The nematocysts of Chiropsalmus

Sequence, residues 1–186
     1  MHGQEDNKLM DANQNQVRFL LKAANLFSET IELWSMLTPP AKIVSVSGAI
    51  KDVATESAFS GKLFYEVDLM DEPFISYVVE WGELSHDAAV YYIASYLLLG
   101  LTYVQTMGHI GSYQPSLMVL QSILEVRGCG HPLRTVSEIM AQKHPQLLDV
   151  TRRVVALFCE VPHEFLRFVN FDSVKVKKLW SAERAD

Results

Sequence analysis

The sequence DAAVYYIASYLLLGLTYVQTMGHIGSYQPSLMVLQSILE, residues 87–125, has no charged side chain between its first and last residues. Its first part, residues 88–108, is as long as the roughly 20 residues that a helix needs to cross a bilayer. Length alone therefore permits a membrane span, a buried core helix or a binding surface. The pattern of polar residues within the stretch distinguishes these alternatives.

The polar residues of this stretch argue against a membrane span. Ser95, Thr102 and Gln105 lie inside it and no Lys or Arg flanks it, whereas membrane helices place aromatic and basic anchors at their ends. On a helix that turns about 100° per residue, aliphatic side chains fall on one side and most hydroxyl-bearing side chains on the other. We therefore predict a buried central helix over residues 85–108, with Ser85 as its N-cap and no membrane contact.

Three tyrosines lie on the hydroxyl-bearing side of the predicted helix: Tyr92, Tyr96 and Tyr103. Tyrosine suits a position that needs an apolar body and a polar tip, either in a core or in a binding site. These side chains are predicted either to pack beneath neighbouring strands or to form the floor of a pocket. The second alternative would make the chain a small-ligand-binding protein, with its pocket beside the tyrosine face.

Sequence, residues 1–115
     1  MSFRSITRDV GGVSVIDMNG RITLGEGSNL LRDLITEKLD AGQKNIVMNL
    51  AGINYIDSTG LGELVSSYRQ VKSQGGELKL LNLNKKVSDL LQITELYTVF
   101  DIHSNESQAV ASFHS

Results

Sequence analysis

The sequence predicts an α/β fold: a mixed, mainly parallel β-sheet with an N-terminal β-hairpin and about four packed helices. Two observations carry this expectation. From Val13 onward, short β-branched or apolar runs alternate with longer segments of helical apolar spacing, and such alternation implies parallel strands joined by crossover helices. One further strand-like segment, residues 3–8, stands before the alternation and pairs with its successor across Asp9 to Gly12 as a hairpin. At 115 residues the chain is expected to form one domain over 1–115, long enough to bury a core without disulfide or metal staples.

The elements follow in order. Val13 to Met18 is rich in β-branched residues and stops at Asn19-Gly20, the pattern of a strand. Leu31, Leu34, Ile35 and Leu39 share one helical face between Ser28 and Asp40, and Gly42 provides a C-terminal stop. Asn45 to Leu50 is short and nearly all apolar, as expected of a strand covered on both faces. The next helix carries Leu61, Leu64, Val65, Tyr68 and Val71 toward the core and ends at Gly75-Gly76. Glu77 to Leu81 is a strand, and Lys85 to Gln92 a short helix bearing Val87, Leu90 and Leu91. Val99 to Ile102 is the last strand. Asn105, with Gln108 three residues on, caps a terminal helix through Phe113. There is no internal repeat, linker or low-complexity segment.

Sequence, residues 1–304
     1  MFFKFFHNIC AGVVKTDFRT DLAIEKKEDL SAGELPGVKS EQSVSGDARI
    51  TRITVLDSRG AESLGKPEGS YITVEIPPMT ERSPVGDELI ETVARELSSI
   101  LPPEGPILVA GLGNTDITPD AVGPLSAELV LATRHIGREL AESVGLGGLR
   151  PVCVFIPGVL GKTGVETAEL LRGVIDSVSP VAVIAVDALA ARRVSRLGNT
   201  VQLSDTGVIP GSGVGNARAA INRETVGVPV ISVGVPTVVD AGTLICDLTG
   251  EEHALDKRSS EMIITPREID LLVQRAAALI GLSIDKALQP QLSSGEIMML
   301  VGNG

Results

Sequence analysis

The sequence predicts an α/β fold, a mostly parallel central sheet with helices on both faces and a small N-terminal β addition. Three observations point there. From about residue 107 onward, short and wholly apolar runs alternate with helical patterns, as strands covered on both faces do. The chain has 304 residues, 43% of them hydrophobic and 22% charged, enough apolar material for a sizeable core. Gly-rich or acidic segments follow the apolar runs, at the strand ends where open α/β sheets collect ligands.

quadrigatus (Cubozoa; Cubomedusa; Chirodropidae) were examined to determine if their composition changes with an increase in body size. Fixed tentacles of specimens collected in Okinawa, Japan, were homogenized and their nematocysts were observed under a differential interference contrast microscope. Six nematocyst types were observed in medusae of all sizes microbasic mastigophores (MM), large and small trirhopaloids (lTR and sTR), holotrichous isorhizas (HI), ellipsoidal isorhizas (eI), and ovoid isorhizas (oI). Two other nematocysts, large ovoid isorhizas (loI) and microbasic euryteles (ME), were observed only in small individuals. There was also marked difference in proportion of tentacular nematocysts between small and large individuals. HI was the dominant type in small specimens, while MM and eI were predominant in large specimens. Nematocyst composition in the bell and pedalia also differed between small and large individuals. Bells of small medusae contained oI and sTR, while only oI were observed in most large individuals. The pedalia of small medusae had clusters of MM, ME, sTR, and oI. Such single clusters on pedalium bases were characteristic of small individuals. The pedalia of large individuals contained scattered oI. Tentacles of medusae are used for prey capture, so the changes in the major type of nematocysts in tentacles may reflect changes in prey type.